Cataloguing and Transcription

Following some further training from Louise on creating catalogue entries and transcription I got started on creating two documents: a catalogue entry that summarises the important points and timings of the recording and a transcription which records the interview word for word.

The catalogue entry was relatively straightforward since I adapted a template that Louise provided. I listened to the recording the whole way through, marking the time and the general topic discussed at these points. Important information about the whole length of the recording and the format it is held in was also added.

The transcription document was a lot more time-consuming. In my training, Louise had shared the fact that some oral histories may take seven times the length of the recording to transcribe them, and there does not appear to be a piece of software that can do it accurately enough yet! Essential, for me, was the software package Express Scribe by NCH. This allowed me to slow the speed of the recording to half the normal speed, and also used the function buttons on my keyboard to pause and play. The big advantage of using the function buttons was that I did not need to exit the Microsoft Word document I was typing in, saving me a lot of time. The transcription took about a day to complete and I think I will get faster as I do more.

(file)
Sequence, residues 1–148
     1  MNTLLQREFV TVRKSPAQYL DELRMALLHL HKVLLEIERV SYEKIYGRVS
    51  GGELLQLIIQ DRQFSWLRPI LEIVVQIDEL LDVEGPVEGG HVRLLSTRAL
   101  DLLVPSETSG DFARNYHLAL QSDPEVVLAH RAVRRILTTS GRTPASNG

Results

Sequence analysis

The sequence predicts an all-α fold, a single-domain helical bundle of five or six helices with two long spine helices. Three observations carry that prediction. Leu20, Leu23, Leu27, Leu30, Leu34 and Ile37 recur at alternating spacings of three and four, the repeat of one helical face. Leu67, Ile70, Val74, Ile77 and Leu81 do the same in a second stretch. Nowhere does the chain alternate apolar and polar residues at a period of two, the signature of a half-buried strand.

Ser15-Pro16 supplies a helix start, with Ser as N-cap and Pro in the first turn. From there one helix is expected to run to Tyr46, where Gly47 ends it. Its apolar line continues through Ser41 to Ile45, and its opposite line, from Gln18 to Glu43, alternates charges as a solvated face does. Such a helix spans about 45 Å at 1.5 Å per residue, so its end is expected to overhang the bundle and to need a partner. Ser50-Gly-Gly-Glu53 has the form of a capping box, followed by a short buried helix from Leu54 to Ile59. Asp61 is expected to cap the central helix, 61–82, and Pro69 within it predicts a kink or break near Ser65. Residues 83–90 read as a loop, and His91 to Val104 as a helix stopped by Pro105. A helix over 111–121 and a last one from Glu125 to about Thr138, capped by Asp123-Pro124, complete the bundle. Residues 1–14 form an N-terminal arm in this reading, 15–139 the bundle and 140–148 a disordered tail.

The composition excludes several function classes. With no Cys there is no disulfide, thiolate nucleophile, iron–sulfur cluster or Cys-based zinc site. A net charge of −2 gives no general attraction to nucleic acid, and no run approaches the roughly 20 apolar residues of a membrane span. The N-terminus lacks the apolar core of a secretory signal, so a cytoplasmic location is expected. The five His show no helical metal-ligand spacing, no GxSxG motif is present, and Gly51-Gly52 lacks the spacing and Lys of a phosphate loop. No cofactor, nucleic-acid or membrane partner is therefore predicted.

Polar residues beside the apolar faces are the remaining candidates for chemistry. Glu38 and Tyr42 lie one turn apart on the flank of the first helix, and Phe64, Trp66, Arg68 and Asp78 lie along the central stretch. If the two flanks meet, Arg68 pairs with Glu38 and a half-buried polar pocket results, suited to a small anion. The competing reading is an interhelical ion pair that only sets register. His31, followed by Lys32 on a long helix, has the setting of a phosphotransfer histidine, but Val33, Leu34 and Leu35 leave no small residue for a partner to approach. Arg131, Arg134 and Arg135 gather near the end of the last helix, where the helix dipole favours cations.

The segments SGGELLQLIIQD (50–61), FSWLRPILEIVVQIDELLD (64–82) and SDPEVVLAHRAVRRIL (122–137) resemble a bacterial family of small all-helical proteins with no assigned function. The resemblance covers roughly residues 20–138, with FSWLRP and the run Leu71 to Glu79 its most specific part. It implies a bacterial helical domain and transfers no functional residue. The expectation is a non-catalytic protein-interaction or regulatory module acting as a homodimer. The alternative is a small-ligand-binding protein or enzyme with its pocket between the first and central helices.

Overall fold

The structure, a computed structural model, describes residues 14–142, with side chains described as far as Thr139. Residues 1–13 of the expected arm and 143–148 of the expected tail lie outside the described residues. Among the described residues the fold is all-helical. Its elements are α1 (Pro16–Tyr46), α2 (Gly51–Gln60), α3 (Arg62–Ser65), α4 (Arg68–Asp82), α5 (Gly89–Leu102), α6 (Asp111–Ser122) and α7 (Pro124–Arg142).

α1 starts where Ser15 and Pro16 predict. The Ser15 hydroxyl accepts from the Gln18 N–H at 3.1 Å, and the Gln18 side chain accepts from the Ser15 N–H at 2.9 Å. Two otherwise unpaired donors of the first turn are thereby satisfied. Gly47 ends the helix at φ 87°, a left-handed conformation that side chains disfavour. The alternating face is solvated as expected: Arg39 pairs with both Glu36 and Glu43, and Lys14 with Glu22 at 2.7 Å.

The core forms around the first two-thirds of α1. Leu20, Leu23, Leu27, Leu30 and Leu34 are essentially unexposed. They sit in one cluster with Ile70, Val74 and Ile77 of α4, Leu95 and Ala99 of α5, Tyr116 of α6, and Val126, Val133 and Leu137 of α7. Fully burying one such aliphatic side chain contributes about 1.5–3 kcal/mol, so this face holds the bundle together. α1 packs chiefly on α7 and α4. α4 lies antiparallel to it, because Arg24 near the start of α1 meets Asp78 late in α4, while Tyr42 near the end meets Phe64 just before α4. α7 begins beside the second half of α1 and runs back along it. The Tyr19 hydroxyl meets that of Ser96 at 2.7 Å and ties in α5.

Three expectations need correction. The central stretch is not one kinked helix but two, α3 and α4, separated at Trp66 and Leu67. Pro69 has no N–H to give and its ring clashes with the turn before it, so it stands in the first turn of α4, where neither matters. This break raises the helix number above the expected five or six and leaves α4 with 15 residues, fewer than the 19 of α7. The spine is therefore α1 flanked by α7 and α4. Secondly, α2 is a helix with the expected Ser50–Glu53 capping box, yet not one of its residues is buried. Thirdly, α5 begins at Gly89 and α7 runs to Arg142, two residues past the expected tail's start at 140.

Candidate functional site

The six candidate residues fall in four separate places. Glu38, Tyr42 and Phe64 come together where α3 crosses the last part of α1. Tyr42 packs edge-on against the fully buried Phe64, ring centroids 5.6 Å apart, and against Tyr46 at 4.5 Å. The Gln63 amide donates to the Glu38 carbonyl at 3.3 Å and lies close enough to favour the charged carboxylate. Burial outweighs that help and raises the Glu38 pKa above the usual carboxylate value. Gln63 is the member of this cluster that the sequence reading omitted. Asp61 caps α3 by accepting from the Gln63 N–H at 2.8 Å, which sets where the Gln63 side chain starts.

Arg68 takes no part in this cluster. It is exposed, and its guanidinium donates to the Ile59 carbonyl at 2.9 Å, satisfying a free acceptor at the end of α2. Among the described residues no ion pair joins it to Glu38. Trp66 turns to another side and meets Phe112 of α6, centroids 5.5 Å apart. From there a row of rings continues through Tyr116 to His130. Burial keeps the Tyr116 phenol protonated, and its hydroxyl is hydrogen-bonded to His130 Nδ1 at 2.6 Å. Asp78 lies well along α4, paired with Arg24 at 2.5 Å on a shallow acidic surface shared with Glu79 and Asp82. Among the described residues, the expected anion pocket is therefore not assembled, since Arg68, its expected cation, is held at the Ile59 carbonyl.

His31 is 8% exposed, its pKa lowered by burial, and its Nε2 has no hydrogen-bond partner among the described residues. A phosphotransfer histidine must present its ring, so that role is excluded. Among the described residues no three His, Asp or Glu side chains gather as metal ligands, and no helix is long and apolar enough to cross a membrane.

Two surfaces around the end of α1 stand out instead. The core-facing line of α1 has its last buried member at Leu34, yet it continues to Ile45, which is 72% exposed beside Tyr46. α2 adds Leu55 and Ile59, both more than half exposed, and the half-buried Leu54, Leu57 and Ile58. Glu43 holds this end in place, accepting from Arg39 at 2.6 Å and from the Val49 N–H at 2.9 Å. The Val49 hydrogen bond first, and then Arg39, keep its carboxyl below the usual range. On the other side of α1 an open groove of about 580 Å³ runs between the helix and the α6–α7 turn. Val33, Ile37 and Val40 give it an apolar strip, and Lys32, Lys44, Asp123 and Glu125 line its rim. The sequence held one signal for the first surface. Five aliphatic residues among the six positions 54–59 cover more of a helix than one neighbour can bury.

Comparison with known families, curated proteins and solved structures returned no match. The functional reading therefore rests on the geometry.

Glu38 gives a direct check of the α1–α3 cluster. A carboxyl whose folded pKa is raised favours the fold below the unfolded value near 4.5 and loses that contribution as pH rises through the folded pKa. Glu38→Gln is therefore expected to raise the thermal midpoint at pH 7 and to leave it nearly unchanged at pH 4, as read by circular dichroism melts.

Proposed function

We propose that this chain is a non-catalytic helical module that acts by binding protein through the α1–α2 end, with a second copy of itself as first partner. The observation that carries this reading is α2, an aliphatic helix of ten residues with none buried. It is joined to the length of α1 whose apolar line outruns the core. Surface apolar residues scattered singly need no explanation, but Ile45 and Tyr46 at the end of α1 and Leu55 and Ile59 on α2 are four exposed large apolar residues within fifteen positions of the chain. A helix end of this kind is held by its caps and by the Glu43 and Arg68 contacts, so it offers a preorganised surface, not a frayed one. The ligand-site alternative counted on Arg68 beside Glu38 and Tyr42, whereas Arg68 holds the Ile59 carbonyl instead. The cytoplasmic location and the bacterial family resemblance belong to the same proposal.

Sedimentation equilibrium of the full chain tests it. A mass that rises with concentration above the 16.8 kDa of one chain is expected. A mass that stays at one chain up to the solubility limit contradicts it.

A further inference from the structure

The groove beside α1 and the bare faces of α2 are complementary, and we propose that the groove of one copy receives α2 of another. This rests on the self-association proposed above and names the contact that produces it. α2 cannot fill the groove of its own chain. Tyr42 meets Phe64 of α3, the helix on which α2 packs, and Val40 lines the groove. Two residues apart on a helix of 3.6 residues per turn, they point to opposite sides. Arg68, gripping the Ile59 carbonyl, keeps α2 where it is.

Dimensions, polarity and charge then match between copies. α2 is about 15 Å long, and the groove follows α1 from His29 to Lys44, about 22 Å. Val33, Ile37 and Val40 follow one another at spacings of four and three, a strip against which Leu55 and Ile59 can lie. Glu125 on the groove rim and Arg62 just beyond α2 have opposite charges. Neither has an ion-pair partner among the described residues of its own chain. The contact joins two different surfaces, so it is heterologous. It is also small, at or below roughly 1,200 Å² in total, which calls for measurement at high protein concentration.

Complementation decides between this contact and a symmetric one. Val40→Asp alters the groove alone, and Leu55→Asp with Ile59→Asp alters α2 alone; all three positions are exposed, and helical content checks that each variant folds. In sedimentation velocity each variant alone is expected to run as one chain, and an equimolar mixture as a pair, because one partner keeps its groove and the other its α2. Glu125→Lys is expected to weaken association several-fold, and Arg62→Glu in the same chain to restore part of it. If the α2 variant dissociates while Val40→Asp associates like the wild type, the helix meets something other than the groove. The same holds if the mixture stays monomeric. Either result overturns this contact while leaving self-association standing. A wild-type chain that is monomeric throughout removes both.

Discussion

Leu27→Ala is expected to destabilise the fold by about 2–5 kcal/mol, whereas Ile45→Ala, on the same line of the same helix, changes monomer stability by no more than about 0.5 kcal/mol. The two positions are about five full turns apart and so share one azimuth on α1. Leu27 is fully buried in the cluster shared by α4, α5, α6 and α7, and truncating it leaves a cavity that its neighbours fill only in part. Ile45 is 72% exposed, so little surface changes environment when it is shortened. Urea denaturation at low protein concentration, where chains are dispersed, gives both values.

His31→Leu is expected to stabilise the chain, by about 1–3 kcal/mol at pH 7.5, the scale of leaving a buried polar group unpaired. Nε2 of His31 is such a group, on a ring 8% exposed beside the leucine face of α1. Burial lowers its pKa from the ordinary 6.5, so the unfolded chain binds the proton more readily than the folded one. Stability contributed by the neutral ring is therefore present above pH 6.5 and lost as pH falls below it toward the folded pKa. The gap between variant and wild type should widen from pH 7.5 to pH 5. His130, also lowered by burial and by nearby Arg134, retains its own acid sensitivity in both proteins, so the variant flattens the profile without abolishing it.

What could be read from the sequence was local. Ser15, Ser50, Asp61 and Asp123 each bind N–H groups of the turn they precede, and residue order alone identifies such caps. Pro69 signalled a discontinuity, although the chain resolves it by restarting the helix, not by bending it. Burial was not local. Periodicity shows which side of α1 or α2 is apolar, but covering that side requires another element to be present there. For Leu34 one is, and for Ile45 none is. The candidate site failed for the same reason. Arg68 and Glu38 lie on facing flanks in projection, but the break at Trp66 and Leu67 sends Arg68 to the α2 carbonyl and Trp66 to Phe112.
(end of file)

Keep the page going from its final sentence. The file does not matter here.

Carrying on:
Iain transcribing his first oral history interview...

The next LHSA recording
Listening to my first recording there are a few other things that I have learnt to take to the next one. There were a huge number of ‘ums’ in my first recordings when I was asking questions. That should be easy to fix, I just need to understand that pausing is natural and try not to fill it with ‘ums’!